Alan Titchmarsh as we all know is a Multi talented broadcaster, author, pundit and Gardening Expert. He has written more books that I was aware of so it is obvious that poetry is a natural adjunct on from there. It maybe that I have missed it, but this could be a first specifically designed for Garden admirers. It may have been that Sir John Betjeman and Jim Parker did something similar back in the 70s etc, but I may wrong.

Be that as it may, we have twelve poems, written and read by Alan Titchmarsh, each poem followed by a musical portrait by Debbie Wiseman. Only on the last track, “The Glorious Garden” do music and poem combine together.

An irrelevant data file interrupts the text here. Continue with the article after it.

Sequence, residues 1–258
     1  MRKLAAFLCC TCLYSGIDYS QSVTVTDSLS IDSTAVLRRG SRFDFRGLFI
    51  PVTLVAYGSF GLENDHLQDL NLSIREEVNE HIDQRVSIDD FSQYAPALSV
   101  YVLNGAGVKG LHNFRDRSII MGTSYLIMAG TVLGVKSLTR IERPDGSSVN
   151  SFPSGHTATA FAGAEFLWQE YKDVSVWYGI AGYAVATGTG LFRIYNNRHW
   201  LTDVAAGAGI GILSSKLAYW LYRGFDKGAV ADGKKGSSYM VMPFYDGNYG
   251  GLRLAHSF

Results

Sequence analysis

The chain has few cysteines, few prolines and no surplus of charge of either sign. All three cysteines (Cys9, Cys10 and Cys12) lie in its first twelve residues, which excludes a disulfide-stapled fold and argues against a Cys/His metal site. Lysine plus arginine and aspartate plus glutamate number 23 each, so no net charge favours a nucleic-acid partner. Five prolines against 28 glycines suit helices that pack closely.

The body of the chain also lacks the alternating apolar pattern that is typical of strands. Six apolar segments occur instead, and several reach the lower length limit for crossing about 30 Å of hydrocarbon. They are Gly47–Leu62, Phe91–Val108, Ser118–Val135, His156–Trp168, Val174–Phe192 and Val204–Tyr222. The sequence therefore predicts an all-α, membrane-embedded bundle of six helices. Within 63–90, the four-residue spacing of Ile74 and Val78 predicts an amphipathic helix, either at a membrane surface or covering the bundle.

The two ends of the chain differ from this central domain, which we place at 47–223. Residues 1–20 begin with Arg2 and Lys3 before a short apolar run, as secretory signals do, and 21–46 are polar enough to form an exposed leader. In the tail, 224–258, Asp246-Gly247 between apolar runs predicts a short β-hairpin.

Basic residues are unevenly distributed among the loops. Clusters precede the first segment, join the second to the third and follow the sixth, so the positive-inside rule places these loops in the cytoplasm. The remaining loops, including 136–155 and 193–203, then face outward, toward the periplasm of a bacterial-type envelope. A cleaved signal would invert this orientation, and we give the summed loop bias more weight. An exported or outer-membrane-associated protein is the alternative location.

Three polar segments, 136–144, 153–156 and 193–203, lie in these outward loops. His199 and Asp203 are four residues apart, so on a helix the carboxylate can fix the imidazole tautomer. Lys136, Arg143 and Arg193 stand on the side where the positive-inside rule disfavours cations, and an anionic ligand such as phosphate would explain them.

I suspect with even more listening my favourites will vary somewhat, but I love the strong and sturdy “Cedar of Lebanon”, the rousing and powerful “Topiary”, the soft and elegant “Snowdrop” but at the moment, my personal favourite is “Water Lily”, soft evocative opening that reminds one in a very positive way of Vaughan Williams. Debbie has written many compositions away from the Film and Television World, I wonder if she has ever contemplated writing a Symphony?. If so, it would be superb, for I think there is nothing she can’t do, for having listening to her music for a number of years now- I was privileged to write the CD notes for WILDE – I am so impressed that the standard she has kept up in a very fast moving world where deadlines are all important and the music has to be finished by a certain date. Still maybe it’s like Sir Andre Previn once said, you have to have that deadline to focus the mind and indeed finish the matter in hand.